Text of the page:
“I immediately resonated with the script. Raj’s Story was both personal and powerful. It evoked that feeling of not fitting-in. Of being an outsider. And the self-discovery that comes with purpose, age and memory. A great deal of care and sensitivity had been invested in the script. Chris and Hugo conducted extensive research including lengthy zoom calls with Raj and other members of his family. I delved into the material, and also had conversations with Raj, and his parents, who were incredibly open to us. Once I commenced research, I discovered that Raj and I had many things in common: We were born in the same year, both grew up in West London and both had fathers that emigrated to London from Kenya. Like Raj, my background is also of Asian heritage, so the parts of the story in which Raj’s attempts to blend-in and subdue his ethnicity, culture and heritage are things that I too did. There was so much personal, lived-experience to draw from. Connecting who we are as adults, with our experiences as children, was one of our central themes, and I really wanted to explore that with “Raj’s Story”. It was also apparent, from the very beginning, that the standard 60 second template wouldn’t do “Raj’s Story” justice. So with the help of an incredibly giving cast and crew, we were able to stretch the budget and the shoot window to deliver a more expansive short film version that sheds light on the numerous key milestones of Raj’s life. Everything you see in the film actually happened. With Chris and Hugo, we established a timeline of key events and then mapped-out a three-act-structure that stretched from 1992 to the present day. Act One shows Raj as a 9-year-old. Act Two covered Raj’s late teens, and then the final act his journey into the Royal Navy, tied together with imagery of Lieutenant Raj, as himself, proudly wrapping his turban in preparation of a Royal Navy parade. With the help of casting director Emma Garrett we cast actors to play 9-year old Raj (touchingly portrayed by Daya Athlaw) and teenage Raj (Shobhit Piasa), as well as his family members, and then for the final act Raj and his parents played themselves.”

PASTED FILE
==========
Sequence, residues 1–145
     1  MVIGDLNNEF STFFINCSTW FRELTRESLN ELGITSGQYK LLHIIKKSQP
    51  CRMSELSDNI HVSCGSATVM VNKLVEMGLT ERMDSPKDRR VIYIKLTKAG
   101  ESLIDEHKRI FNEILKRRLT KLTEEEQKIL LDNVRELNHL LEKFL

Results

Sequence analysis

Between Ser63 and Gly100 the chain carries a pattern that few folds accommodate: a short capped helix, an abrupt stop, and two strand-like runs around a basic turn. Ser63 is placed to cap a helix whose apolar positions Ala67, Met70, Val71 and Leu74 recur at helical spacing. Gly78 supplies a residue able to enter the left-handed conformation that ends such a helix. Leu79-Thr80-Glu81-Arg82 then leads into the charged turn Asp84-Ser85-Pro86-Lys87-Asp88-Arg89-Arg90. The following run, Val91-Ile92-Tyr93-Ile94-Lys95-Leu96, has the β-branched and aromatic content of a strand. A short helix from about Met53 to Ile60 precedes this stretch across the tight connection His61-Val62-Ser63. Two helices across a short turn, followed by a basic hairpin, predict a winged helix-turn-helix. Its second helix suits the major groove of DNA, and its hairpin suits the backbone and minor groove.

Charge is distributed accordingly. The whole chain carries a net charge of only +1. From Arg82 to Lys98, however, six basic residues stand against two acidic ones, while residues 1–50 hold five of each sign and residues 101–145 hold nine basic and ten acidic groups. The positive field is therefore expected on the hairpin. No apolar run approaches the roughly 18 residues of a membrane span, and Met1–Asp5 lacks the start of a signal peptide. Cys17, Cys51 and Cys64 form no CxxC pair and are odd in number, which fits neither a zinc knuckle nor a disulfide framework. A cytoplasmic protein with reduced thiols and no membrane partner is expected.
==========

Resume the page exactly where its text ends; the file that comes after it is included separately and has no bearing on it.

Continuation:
Sashinki is a champion for getting out there and making films. Learning, experimenting, ever-evolving. Born to an Iranian mother and an Indian father and London bred, Sashinski grew up watching classic films with his Persian grandmother it’s this film-make-it-yourself attitude that keeps Sashinski fresh, intuitive and instinctual. He strives to be completely present on set – watching what’s unfolding in the moment, giving the subject his undivided attention. This clarity and connection means his films are by nature profoundly heartfelt, emotionally charged and always led by narrative. His films are emotive and engaging, pulling the audience into the worlds of every individual character. And when he’s not hunting for the next story to tell, Sashinski is an active member of POCC, Sporas and Free The Work or out on a walk with Pablo, his long-haired chihuahua.